controls) were performed with ttests; for all data without homogeneity of variances,
MannWhitney Utests for two (NPD vs. healthy controls) and KruskalWallis tests for
three groups (NPD vs. BPD vs. healthy controls) were used, and for all categorical data
(e.g., comorbid axis I and axis II disorders, gender), Pearson's χ
2
test or Fisher's exact
test was calculated. Quantitative group mean measures (IRI, MET, and MASC) were
compared using univariate and multivariate analyses of variance or covariance. To
analyze between-group differences, general linear model estimated means were
compared with a priori simple contrasts (to control for Type I errors). Gender was used
as a covariate in all linear models when group differences were present. Convergence
was established with Spearman's nonparametric coefcient to assess correlative
associations between lack of empathyand IRI and MET measures (convergent
validity). All analyses were two-tailed and the alpha level was set at Pb0.05. Omega
squares (ω
2
) were used as measures of effect size (ω
2
=0.010 small, ω
2
=0.059
medium, ω
2
= 0.138 large effect size; Kirk, 1996).
3. Results
3.1. Comparison between NPD and healthy controls
To assess cognitive and emotional empathy in NPDas measured with
the IRI, a MANOVAmodel with perspectivetaking and empathic concern
as dependent variables was conducted, which revealed a signicant
inuence of group (Wilks' λ=0.905, F
2,95
= 4.99, P=0.009). Univariate
between-subjects tests for IRI scales revealed signicant differences in
mean scores for cognitive empathy, but not for emotional empathy.
Patients with NPD reported signicantly lower scores on the IRI scale
perspective taking (cognitive empathy) than healthy controls (Table 2).
To assess cognitive and emotional empathy with the MET task, a
MANCOVA model with the test's subscales as dependent variables and
background arousal as a covariate revealed a signicant inuence of
group, (Wilks' λ=0.764, F
3,92
=9.48, Pb0.001). Univariate between-
subjects tests displayed no signicant differences of patients with NPD
and healthy comparison subjects on cognitive empathy. Patients with
NPD, however, showed signicantly lower scores than healthy controls
on the two emotional empathy scales (Table 2). To analyze cognitive
empathy withthe MASC, an ANOVA model with the MASC total score as
the dependent variable revealed signicantly lower scores for NPD
patients than for controls, (F
1,95
=6.15, P=0.015). MASC subscore
analysis revealed no signicant group effect (Wilks' λ=0.947,
F
3,93
=1.748, P=0.163). Follow up ANOVAs displayed a trend toward
signicance for all subscores, with lower values in the NPD group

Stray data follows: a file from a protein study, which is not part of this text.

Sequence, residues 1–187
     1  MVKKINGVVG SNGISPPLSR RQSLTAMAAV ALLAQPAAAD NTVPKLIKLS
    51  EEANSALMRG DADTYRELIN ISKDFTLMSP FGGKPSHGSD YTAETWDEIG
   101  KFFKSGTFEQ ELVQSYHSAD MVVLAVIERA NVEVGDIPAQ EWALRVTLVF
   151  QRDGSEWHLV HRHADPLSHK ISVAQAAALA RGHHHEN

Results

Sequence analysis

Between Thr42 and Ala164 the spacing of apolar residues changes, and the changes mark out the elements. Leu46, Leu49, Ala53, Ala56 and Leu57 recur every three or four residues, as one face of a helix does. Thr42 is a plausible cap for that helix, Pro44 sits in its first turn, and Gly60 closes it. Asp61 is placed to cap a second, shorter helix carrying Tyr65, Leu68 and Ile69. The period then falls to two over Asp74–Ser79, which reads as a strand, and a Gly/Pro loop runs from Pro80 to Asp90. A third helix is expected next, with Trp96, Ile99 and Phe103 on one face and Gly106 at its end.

compared to healthy comparison subjects for the recognition of
emotions, thoughts, and intentions (Table 2).
3.2. Comparison between NPD, BPD, and healthy controls
To test the specicity of impairments in empathy for NPD, only NPD
patients without comorbid BPD were included in subsequent analyses
and compared to a group of BPD patients without comorbid NPD and a
group of healthy controls (for socio-demographic and clinical data see
Table 1). Self-evaluation of empathy as measured by the IRI subscales
(perspective taking and empathic concern) was included in a
MANOVA as dependent variables, group (NPD, BPD, and healthy
controls) as a xed factor, and gender as a covariate. Analysis showed a
signicant inuence of group (Wilks' λ= 0.9 02, F
4,188
= 2.50 ,
P=0.044). Comparison of a priori contrasts revealed signicantly
lower values for cognitive empathy in NPD and BPD patients compared
to healthy subjects, whereas the emotional empathy scales only
signicantly differed between BPD and healthy controls (Table 3). To
Table 1
Socio-demographic and clinical variables of patients with narcissistic personality disorder (NPD), patients with borderline personality disorder (BPD), and healthy comparison
subjects.
Total NPD sample NPD without BPD Healthy subjects BPD without NPD
(N=47) (N=22) (N= 53) (N=27)
MS.D. MS.D. MS.D. MS.D.
Age (years) 32.4 8.0 34.4 8.3 33.2 10.7 30.0 8.3
Fluid intelligence
a
115.2
1
* 12.0 114.9
2
* 10.6 120.9 10.87 114.7 11.0
Number of comorbid diagnosis 4.7 1.9 2.9 1.8 3.4 2.4
Previous suicide attempts 2.9 3.8 1.3
3
*** 2.0 5.3 6.5
Previous hospitalizations (weeks) 22.4 39.4 8.6
3
** 12.9 42.4 61.1
GSI of SCL 90-R
c
1.7
1
*** 0.7 1.6
3
* 0.6 0.3 0.2 2.0 0.7
N%N%N%N%
Women 24
4
51.0 8
5